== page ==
South Australia’s mining industry does not condone poor practices

South Australia’s key mining industry body says any environmental breaches by explorers in the State are totally unacceptable. The South Australian Chamber of Mines and Energy (SACOME) strongly supports the Premier’s contention that standards in the industry must be upheld in order to preserve the industry’s excellent reputation. Commenting on the current environmental breach by Marathon Resources in the State’s Flinders Ranges, SACOME said it found the breach dismaying. SACOME recognises that although the breach had occurred under Marathon’s previous management, not the current management team, such incidents could not be condoned by the organisation.

“The mineral resources industry in South Australia and nationally has every right to be dismayed by the lack of care of the previous management at Marathon Resources that resulted in a breach of its licence conditions,” SACOME President, John Roberts said. “Our resources sector is leading the way on best practice community engagement, third party accreditation, the development of a code of conduct for explorers and environmental leadership. Against these endeavours, it is extremely disappointing when any mining or exploration company does not treat its environmental obligations with the upmost importance warranted.”

SACOME’s Chief Executive, Jason Kuchel said, “As home to three of Australia’s four current or imminent uranium producers, this vital section of South Australia’s resources sector is attracting more scrutiny from resources, political and environmental interests nationally than any other single mineral commodity. We must strive to be, and ensure we remain so, leading edge in everything we do but particularly in uranium exploration and development, where statutory guidelines, and public expectations are at their highest.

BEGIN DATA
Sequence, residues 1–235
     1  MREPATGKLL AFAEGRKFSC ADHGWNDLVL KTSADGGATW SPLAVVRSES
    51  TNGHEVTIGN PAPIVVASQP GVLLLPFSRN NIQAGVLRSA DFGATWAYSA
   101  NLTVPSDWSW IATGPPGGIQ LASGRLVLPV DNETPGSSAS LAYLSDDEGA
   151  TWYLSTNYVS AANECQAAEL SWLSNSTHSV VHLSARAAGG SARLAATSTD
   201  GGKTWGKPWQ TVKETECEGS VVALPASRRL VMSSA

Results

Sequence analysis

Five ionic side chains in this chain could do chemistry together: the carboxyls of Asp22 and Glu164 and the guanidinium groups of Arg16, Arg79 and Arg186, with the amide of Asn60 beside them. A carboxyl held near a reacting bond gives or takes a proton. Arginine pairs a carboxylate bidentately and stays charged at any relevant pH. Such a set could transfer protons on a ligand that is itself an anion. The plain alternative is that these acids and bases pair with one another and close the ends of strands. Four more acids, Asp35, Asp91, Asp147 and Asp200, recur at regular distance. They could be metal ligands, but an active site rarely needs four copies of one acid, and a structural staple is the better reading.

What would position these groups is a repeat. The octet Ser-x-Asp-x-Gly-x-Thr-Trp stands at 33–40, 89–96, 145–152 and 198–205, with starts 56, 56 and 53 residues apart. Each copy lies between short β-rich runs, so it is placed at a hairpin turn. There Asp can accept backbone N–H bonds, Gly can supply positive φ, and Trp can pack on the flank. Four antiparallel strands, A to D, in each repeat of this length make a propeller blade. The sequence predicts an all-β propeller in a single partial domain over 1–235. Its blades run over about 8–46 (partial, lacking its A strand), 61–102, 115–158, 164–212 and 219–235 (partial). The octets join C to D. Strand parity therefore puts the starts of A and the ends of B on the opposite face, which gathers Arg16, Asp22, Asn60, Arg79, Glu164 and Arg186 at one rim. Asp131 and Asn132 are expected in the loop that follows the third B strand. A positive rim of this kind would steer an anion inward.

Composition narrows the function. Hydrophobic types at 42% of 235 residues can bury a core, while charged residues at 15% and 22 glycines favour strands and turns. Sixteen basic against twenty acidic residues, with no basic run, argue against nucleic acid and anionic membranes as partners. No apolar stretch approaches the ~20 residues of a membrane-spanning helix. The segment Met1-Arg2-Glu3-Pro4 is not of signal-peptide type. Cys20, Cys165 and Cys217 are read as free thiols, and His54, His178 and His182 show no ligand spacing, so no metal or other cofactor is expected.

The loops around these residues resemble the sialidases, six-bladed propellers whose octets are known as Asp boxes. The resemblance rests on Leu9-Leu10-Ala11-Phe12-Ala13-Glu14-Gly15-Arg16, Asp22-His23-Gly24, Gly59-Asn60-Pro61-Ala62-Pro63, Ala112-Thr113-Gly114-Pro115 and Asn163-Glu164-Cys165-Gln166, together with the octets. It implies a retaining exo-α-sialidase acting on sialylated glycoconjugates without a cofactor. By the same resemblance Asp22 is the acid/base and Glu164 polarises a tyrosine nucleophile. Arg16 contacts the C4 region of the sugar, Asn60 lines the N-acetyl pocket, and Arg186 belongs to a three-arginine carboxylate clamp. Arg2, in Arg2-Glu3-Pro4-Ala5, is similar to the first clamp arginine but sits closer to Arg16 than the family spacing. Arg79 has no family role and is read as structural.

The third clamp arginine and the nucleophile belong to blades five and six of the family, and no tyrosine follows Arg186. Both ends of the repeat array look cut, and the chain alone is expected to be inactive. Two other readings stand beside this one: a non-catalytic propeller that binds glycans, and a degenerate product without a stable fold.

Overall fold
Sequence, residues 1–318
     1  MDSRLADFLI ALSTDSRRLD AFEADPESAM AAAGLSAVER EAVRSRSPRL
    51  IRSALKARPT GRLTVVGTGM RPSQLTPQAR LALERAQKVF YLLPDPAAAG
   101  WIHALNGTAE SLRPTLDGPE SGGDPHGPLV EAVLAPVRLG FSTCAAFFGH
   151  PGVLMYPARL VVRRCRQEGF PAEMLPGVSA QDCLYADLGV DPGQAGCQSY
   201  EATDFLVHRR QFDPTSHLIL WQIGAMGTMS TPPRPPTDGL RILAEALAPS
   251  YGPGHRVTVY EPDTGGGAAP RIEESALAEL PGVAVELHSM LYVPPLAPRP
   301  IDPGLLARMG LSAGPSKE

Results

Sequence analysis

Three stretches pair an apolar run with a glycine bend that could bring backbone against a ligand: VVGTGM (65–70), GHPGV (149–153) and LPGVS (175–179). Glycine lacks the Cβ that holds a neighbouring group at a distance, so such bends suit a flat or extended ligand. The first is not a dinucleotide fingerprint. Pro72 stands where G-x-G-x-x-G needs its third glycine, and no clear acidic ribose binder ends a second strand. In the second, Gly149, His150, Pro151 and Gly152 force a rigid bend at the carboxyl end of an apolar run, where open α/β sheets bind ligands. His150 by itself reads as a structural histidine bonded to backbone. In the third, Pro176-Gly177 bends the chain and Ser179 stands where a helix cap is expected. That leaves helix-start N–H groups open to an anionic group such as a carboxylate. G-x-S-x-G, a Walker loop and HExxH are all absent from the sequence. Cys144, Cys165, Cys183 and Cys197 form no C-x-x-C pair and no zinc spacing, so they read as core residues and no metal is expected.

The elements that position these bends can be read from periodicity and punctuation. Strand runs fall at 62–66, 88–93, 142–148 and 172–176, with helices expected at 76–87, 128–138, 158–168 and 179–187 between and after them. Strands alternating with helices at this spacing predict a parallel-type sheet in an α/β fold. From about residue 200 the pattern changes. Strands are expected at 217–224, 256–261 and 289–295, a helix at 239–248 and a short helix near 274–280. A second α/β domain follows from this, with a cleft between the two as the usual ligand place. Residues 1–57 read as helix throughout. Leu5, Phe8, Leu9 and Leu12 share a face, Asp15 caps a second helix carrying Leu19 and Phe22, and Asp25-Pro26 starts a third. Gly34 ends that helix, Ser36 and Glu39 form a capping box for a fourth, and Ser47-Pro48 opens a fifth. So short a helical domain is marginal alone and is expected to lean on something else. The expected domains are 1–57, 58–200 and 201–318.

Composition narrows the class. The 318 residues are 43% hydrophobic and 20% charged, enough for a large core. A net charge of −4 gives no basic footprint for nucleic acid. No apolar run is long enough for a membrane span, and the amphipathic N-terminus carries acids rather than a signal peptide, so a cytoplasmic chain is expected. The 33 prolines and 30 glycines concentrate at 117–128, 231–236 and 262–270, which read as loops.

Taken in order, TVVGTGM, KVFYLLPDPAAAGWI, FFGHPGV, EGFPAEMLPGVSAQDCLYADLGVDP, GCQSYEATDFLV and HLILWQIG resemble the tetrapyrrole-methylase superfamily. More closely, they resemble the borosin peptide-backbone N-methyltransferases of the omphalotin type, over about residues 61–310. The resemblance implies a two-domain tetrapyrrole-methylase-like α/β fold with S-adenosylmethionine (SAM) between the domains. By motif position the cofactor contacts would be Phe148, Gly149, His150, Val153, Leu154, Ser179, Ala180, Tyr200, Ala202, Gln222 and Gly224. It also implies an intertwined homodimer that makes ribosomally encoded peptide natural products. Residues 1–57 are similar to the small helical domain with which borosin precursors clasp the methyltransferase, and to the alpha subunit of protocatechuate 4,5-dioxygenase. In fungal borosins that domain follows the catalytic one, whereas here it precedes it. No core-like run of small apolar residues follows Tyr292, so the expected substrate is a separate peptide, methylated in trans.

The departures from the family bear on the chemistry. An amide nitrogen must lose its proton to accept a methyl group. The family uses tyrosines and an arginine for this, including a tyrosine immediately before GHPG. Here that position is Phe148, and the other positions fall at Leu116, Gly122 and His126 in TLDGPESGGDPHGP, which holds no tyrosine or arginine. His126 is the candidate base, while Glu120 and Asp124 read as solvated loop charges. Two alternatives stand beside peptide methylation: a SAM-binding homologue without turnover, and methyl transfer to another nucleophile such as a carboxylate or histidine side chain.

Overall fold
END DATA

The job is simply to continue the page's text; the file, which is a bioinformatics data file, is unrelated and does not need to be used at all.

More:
“Whilst the Environment Protection Authority (EPA) considers that the unauthorised burial of a number of exploration samples, drilling material and other waste did not constitute environmental risk to the surrounding area, SACOME is disturbed by any such breach. This breach should serve as a reminder to the minerals industry to be ever-vigilant about its responsibilities,” Kuchel said.

Kuchel said that following recent changes in management and the appointment of specialist environmental personnel at Marathon Resources, SACOME is optimistic that the environmental and social performance of the company would be consistently high from now on. “Furthermore, SACOME is pleased to note that Marathon Resources has co-operated with Primary Industries and Resources South Australia and the EPA during their incident investigations,” he said.

SACOME also noted that South Australia’s Minister for Resource Development, The Honourable Paul Holloway, had said in Parliament on February 12 that he considered the State to have an excellent record of compliance with licence conditions and environmental objectives. South Australia hosted more than 800 mineral exploration licences with the Minister acknowledging that compliance by licence holders to the State’s rigorous environmental conditions was extremely high. Roberts said SACOME concurred with this view of the industry and stated, “the sector overall could be very proud of its management record. Resource companies often set themselves very high standards on environmental and social performance, exceeding the rigorous standards set by regulators, and this is no less so in South Australia’s mining and minerals exploration sectors.”